Mental Health Act 1983 and Statutory Independent Mental Health Advocacy (IMHA)
Independent Mental Health Advocacy (IMHA) was introduced following changes to the Mental Health Act in 2007. A legal duty was placed on local authorities to provide IMHA provision from April 2009, in all areas for all ‘qualifying patients’.
An IMHA is an independent advocate who is specially trained to work within the framework of the Mental Health Act 1983 to support people to understand their rights under the Act and participate in decisions about their care and treatment. The IMHA does not replace existing advocacy, legal advice or support, but works alongside them.
Qualifying patients should be informed that they are eligible for the services provided by an IMHA as soon as is practicable. An IMHA will meet with a patient following the request of the patient, the nearest relative, the responsible clinician or an AMHP.
There is a duty on hospital managers, responsible clinicians and social services (in the case of Guardianship orders) to:
- Inform patients about the advocacy service.
- Take all practicable steps to ensure patients understand what is available to them and how they can access help.
- There is also a duty for information to be given to the nearest relative of detained patients, unless patient requests otherwise.
An IMHA has a right to see any hospital or local authority records relating to their patient if their patient consents. If a patient lacks the capacity to consent, the record holder can still allow access to such records if it is appropriate and relevant to the help the IMHA will provide to the patient.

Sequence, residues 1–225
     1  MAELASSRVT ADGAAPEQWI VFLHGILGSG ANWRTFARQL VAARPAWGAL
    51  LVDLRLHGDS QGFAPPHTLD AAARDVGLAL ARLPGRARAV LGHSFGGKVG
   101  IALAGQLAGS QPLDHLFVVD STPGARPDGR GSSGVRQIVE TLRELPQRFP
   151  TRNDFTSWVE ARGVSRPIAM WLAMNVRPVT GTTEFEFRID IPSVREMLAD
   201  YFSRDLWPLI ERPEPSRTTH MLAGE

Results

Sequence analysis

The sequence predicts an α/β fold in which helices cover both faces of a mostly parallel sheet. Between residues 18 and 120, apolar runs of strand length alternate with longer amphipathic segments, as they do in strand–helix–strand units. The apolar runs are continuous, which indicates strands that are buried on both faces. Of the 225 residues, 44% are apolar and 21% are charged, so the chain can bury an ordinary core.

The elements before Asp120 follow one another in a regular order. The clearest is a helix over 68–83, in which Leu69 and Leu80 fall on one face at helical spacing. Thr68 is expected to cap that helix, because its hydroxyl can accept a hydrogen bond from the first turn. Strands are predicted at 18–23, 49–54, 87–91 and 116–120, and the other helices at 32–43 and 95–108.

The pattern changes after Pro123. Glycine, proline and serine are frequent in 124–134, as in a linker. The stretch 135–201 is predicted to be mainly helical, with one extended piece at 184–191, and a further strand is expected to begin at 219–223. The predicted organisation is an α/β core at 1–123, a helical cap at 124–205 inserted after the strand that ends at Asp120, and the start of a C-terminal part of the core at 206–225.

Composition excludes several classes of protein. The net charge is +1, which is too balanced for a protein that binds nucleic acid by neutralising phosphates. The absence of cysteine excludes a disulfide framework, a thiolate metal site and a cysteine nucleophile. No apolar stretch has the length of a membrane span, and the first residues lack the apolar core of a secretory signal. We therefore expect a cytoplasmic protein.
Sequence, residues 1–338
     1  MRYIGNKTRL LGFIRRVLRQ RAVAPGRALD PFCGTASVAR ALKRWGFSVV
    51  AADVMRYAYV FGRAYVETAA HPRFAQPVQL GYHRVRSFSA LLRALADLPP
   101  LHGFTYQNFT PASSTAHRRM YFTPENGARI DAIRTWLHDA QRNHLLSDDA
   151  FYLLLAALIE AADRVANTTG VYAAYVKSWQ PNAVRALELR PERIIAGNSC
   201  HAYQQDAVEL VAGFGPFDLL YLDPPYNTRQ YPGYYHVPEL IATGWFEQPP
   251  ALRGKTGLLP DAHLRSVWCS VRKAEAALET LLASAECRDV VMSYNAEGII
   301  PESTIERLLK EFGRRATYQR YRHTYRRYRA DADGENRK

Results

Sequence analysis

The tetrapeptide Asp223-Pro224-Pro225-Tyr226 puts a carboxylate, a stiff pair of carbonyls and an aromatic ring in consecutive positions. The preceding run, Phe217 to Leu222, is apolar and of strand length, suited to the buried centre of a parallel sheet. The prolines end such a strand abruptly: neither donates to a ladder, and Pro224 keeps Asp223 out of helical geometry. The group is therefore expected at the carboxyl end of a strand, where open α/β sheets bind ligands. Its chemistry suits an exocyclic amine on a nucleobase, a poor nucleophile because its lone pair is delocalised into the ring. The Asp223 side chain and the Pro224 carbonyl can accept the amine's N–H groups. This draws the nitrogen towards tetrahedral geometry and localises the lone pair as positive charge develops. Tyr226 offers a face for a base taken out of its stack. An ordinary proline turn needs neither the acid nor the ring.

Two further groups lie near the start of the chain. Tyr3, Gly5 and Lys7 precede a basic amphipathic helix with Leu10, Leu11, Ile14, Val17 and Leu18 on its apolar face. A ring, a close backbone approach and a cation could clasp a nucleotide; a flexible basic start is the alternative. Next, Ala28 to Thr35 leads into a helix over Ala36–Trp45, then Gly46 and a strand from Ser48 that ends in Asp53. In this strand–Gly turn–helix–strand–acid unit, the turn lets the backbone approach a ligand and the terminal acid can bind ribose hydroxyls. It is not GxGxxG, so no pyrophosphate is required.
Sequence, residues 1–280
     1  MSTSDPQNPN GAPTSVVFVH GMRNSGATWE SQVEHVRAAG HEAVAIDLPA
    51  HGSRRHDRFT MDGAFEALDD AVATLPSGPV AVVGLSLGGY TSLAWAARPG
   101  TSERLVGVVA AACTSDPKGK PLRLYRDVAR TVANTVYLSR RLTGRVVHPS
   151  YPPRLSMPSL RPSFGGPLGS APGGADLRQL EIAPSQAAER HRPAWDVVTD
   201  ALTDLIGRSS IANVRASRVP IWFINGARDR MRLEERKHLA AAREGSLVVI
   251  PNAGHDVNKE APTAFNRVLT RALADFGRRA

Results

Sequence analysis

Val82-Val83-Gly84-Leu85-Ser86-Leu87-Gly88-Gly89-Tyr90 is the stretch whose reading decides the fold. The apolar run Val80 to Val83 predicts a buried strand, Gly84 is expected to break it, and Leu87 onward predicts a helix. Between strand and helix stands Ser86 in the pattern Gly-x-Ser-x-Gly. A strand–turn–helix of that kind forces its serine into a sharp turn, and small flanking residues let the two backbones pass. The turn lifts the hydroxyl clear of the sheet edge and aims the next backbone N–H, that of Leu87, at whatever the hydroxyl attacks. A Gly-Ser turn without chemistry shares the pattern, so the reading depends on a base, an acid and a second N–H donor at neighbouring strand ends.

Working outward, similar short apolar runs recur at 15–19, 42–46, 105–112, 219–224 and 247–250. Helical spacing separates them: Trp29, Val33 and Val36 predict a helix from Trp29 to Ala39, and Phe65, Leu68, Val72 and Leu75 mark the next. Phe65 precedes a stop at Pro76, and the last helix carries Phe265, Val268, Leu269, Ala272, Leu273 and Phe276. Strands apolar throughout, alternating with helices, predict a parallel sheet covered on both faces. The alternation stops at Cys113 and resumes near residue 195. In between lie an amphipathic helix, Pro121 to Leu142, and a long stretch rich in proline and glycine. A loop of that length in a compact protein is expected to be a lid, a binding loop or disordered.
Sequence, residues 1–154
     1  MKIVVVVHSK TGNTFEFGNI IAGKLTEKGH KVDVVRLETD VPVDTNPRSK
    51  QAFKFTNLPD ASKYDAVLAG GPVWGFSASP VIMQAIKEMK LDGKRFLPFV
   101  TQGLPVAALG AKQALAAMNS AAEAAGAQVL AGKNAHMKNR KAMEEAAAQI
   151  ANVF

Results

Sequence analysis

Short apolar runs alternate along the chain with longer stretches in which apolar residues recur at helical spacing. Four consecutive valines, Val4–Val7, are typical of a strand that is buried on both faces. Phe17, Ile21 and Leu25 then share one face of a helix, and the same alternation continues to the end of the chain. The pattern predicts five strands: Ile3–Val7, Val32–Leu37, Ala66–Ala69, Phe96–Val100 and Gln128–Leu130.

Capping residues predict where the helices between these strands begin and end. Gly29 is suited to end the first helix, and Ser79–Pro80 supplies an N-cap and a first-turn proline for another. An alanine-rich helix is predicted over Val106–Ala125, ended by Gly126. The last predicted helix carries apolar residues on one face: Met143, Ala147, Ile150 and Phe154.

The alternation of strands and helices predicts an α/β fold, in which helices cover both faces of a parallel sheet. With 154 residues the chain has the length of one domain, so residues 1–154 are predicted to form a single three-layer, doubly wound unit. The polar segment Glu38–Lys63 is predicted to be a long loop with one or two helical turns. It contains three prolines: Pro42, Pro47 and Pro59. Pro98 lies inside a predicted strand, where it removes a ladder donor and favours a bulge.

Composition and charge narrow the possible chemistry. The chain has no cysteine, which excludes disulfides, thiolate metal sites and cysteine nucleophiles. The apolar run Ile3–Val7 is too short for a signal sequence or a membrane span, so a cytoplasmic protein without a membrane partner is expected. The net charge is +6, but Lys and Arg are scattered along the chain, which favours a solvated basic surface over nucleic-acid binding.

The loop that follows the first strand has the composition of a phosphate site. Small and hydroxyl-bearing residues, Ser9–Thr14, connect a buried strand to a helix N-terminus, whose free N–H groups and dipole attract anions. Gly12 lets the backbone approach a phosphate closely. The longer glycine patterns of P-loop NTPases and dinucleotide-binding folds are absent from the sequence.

IMHAs also have a right to meet patients in private and to visit and interview anyone professionally concerned with the patient's medical treatment.
The Act also states that hospital managers cannot withhold correspondence between patients and their advocates.
Under the Mental Health Act 1983 a ‘qualifying patient’ is someone who is eligible for, and has a legal right to, an IMHA. In England this includes people who are:
- detained under the Mental Health Act 1983, except where they:
- have been detained in an emergency under section 4
- are detained under section 5 holding powers
- have been taken to a place of safety under section 135 or 136 of the Mental Health Act
- “liable to be detained” – this includes when:
- they are on leave of absence from hospital
- they are absent without leave from hospital
- where a court order or application for admission has been made in relation to them
- subject to a community treatment order (CTO)
- subject to guardianship
- a conditionally discharged restricted patient
- a voluntary/informal patient and certain treatments, including electroconvulsive therapy (ECT) and neurosurgery, are being considered.